We got married and moved down to Atlanta, where he went to work on a construction crew, building houses in the ever-expanding suburbs.  Once I watched him carry a whole sheet of plywood across the roof beam of a three-story house, and I was not afraid; he was that sure-footed.  But before long, he was cheating on me and I was cheating on him, to get even.  Cheating was what had sent me to the street in front of Mike and Sally’s house.  The night before that dawning day, he’d gone out the way he did almost every night, and when he wasn’t home by midnight, I walked back across the street to the party I’d left earlier and the host and I finished what we’d started.  At five, when I went home, my husband was waiting in the yard.  If an upstairs neighbor hadn’t heard the shouting and come out to help, who knows what might have happened?  But he did, and I got away and drove to Mike and Sally’s place, and later that week, while I was hiding out, not giving off much heat or light, not sending up any smoke, my husband found the body of a woman who had been stabbed to death and dumped in the kudzu on some vacant land near our house,where he’d gone to walk and think.

I read an article once about how the need for revenge is a drive that lights up the brain as brightly as hunger or thirst.  Amen I say to that.  I have not seen or talked to my first husband in close to forty years, and yet, remembering the story of the old woman’s body and how the police had questioned him, I still hope they noticed the gold ring that I’d slipped on his finger in front of his grandmother and her God and asked him where his wife was.  I hope that when he understood why they were asking, his mind went as clear and still and his vision sharpened, as mine had gone on the morning when he could have killed me, and he saw himself as a small frightened creature scheming to survive.  I wish that for him as sincerely as I still sometimes wish him well.  Even now it’s satisfying to imagine the woman’s body at his feet, dead of a dozen wounds, the cops waiting for an answer, and him with no place in his mind where I could be found.

I must have slept for a few minutes in front of Mike and Sally’s house,  because when I opened my eyes again, the night was finished and a fresh day had begun.  I saw the road with fresh eyes, too; I knew why it looked familiar.  It was like the hard-packed dirt road in front of the house where I grew up, the road I used to walk out onto and imagine how far it could take me.  In front of Mike and Sally’s house I told myself that story again.  I could drive away from him and us and this, cross a country’s worth of rivers and mountains and deserts full of bleached bones and scouring wind until I came to a place where the past was lost, even to memory, and we had never met.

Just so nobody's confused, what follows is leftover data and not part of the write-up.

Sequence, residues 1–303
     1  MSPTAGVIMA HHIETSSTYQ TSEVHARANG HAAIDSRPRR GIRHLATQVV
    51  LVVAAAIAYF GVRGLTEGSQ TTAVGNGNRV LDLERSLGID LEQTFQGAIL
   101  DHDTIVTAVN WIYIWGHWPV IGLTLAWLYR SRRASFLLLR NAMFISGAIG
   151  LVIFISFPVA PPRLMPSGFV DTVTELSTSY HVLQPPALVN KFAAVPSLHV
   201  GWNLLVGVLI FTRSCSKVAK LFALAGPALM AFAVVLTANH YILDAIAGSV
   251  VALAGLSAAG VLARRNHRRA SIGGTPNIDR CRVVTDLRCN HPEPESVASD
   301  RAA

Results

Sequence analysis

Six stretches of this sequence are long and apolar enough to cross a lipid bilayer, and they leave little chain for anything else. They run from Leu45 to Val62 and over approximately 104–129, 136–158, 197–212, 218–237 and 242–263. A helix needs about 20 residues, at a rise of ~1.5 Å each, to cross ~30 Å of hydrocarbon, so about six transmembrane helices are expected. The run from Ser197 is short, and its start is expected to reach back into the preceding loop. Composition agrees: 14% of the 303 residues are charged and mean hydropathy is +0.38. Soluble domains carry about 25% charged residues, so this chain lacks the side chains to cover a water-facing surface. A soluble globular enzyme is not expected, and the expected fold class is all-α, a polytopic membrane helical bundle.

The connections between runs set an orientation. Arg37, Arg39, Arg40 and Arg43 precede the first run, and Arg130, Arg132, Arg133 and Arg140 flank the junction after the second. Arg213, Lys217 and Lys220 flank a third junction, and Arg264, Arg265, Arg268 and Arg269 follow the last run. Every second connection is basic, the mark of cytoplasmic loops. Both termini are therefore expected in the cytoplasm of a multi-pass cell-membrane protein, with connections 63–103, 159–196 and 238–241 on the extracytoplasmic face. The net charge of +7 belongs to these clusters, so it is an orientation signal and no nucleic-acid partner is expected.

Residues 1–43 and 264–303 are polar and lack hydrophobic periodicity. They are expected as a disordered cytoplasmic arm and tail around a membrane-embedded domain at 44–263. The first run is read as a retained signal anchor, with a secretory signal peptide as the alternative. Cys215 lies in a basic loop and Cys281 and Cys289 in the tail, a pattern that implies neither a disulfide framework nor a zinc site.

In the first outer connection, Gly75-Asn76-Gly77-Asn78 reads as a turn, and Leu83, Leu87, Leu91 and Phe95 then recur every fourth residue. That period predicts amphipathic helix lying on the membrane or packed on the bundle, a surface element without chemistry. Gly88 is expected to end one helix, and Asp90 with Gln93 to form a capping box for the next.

All Hallows Eve

He opened the door to let her in, dressed for the costume party in a pair of wide brown trousers held up with beige suspenders, a white shirt with a pillow stuffed inside. “Who are you?” she said.

“Myself a few years ago,” he said. “This is my largest shirt, a size 20, my biggest pants, size 50.” He’d lost ninety pounds since he’d worn those clothes, and she was glad she hadn’t met him when they fit. Wearing them again made him thoughtful. “When you’re fat,” he said, holding out the waistband of the pants, “people treat you like you’re not human. So who are you?”

She unbuttoned her cloth coat to show him. She was wearing a pink shirtwaist dress with a wide skirt, high-heeled shoes, rhinestone ear clips and a big smile. June Cleaver was the general impression she was going for. They had known each other for six months. “Let’s forget the party,” he said. He took her hand and led her to the bedroom. She was an ambitious woman, but sometimes she liked to forget that and let him boss her. Sometimes he worried that he was too gentle, so bossing her suited him, too. Playing this game, they both felt free, as though they’d crawled out of old skins, left them to crumble away to nothing.

In the bedroom, he took off his fat man’s clothes. “Come sit next to me,” he said. “Don’t take your clothes off yet. I’ll tell you when.” They went on like that until she was naked except for her bra, one strap pulled off of her shoulder and a necklace he liked to touch, a small gold locket that rested in the warm hollow of her throat. “Get up and put on some lipstick,” he said. She did, and when she sat down on the bed again he touched the necklace and pulled her down for a kiss, hard enough to insist but not to hurt–that was their understanding–but suddenly, she was afraid, and when he saw that he stopped playing. “Tell me,” he said.

She was tumbling back forty years, she said. She’d been a young woman then, a marriage in ruins back in the States, sleeping on the floor of a friend’s room over a pub in London and washing dishes in exchange for rent. Every day, she drank too much, and almost every night, she found someone to sleep with, believing that being reckless made her free. Even now, from this distance, that time smelled like mutton fat, she told him, like the scraps of shepherd’s pie that she pushed off the greasy plates and into the slop hole in the kitchen every day.